“I did not expect it, but I am grateful to the APS members who allow me to work more closely with APS,” Suzor-Weiner said. “Since my year in Chicago as a postdoc with Ugo Fano, and then as visiting scientist at NIST with Fred Mies, I have had many fruitful collaborations with American physicists and I am more than happy if I can help in any way to strengthen the role of physics on the American and international scenes.”
She said that she hoped to further international collaborations between APS and other physical societies around the world. She emphasized the need to work with both European nations where the United States has a long history of collaborating with, but also with burgeoning societies in the developing world such as ones in Haiti, Africa and Vietnam.
“Physics in general needs to continue attracting the brightest students, since the human potential is the primary factor of success and progress,” Suzor-Weiner said. “On a broader scale, physicists need to join all other sciences, including social sciences, to answer the global challenges of our time, namely energy, environment, climate change and health. These domains have in common the characteristics to be transdisciplinary, as well as global. Yet physics must play its specific role, with well trained specialists and enough budget to meet the challenges.”
Keivan Stassun is an observational astrophysicist at Vanderbilt University, focusing on the formation of stars, brown dwarfs, and exoplanets. In 2007 he served as the first chair of the Vanderbilt Initiative in Data-intensive Astrophysics, a program to make the university one of the world leaders in the fields of astrophysics. He is also chair of the Sloan Digital Sky Survey’s exoplanet science team and a member of the Large Synoptic Survey Telescope executive committee. He participated in the National Research Council’s 2010 Decadal Survey of Astronomy and Astrophysics.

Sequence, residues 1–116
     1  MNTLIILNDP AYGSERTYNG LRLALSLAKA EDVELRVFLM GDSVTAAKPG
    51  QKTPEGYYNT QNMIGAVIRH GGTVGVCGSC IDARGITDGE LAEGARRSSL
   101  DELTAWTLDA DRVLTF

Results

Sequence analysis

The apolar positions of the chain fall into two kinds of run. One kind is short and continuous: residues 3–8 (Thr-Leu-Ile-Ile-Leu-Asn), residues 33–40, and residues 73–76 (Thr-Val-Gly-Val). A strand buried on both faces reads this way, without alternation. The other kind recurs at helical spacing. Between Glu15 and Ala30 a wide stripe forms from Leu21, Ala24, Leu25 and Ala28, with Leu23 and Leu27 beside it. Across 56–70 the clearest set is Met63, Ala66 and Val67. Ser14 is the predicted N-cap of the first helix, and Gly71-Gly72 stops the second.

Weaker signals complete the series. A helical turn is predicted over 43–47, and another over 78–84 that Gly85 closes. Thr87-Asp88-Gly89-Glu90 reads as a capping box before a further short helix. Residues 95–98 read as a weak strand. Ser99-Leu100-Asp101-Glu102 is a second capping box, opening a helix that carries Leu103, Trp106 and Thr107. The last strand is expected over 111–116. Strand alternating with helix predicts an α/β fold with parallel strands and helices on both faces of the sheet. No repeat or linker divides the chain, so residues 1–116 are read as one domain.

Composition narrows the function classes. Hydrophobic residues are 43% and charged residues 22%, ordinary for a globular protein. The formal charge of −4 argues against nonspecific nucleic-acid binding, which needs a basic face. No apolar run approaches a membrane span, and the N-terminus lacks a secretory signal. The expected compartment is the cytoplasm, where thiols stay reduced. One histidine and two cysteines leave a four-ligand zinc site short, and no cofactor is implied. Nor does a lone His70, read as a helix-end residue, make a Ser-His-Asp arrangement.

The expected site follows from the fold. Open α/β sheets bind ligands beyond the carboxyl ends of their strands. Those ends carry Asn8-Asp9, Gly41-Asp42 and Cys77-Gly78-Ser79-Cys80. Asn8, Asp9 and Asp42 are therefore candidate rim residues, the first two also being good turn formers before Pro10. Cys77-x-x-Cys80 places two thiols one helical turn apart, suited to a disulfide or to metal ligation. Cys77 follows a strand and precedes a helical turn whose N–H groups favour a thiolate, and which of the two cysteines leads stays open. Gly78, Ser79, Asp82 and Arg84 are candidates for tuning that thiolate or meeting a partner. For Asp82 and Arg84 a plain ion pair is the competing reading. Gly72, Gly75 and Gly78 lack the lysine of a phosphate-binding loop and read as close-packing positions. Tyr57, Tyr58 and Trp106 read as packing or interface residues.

“I’ve never been entirely sure whether to think of myself as an astronomer or as a physicist. Being elected to the APS Council suggests that the wave function has collapsed,” Stassun said.
When asked what he hoped to accomplish as a general councilor, he at first quipped that he wanted APS to sponsor National Talk Like a Physicist Day.
“Seriously, I think two important issues are what you might call ‘big data’ and ‘big diversity.’ As a profession we need to begin deliberately preparing the future leaders of our field for the data-intensive revolution that is already underway. At the same time, we must make a renewed, high-level, concerted effort to recruit, train, and retain a truly diverse next generation of professional physicists. For too long physics has been the least diverse of all the sciences. With thought and care and dedication, we can change this. Shame on us if we don’t,” Stassun said.
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Editor: Alan Chodos